I finished my dissertation, “A Convergent Model of Hope: Remixing the Quaker Tradition in a Participatory Culture,” last November.
But it is finally rolling out so that it can be shared with others.
I know it’s the case that dissertations aren’t always thought of as super interesting things to read but let’s not underestimate how interesting a dissertation can be to read especially when it references topics such as contextual theology, early Quakers such as Margaret Fell, Jay-Z, Bob Dylan, remix and Freedom Friends Church! I know I am biased, but I think this little stack of papers glued together has the potential to be inspiring for a lot of folks out there.
Here is the abstract:
In the wake of modernity, faith traditions face the challenge of how to adapt within changing cultures, new scientific discoveries, and other pressing realities that bring about crisis. Often the response to revitalization is to eschew tradition altogether or rigidly cling to it. The “convergent model of renewal” proposed here demonstrates how renewal can conserve tradition while being innovative. The model draws on missiology and participatory cultural studies, enabling the construction of a theory that is fully contextual and fosters participation.
In order to construct the model, I draw on the work of philosopher Alasdair MacIntyre, missiologist Stephen Bevans and cultural studies scholar Henry Jenkins. MacIntyre argues that traditions are historically extended arguments that are socially embodied within living communities. At their best, they overcome internal and external crises by drawing on the resources already within their tradition. Bevans emphasizes that all theology is contextual, and that changing contexts necessitate changing theology. Bevan’s synthetic model illustrates how practitioners within a context can be in a dialogue with tradition, culture and praxis. Henry Jenkins demonstrates that within participatory culture, practitioners remix original texts in order to create something new, they work to create authentic experiences, they produce what they want to consume, they share their collective intelligence in ways that are decentralized, and in doing so they embody an alternative social community.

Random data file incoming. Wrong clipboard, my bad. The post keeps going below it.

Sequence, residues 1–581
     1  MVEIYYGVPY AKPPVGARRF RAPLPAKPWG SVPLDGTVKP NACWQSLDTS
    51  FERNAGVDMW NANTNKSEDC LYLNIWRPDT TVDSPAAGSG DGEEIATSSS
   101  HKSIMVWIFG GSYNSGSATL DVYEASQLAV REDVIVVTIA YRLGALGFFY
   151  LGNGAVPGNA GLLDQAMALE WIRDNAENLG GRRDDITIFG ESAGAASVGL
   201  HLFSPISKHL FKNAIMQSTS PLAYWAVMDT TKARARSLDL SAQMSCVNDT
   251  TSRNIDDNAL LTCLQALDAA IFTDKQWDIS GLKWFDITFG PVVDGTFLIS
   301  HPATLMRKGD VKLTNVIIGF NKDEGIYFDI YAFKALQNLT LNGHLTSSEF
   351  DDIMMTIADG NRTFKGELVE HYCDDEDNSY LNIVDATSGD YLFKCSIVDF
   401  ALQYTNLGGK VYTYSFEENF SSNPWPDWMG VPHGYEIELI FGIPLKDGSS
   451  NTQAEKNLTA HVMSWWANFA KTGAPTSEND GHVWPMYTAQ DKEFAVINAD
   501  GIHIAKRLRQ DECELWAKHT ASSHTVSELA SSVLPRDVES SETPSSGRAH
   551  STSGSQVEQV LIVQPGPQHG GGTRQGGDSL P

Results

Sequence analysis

The convergent model draws on these three thinkers to offer a way forward for tradition. Tradition is the only grounds for innovation, context is the catalyst for change and participatory culture provides the practices for holding these two things together. Two examples are presented that demonstrate how the model works: early Quakerism and Freedom Friends Church in Salem, Oregon. Both of these groups remix original texts of their tradition with new texts in a way that innovates while maintaining a continuity with the past, as they resist a passive culture of consumerism in order to foster an authentic subjective experience, drawing on many voices an open work of shared power and knowledge is formed, and by doing so they embody an alternative participatory community.
I am still working on making it more widely available and less expensive but for now if you have access to an academic library you can get a hold of free as a .pdf through ProQuest.
I would love to come and do a workshop, retreat or other teaching around the topics covered in my research. Please contact me if that is of interest to you.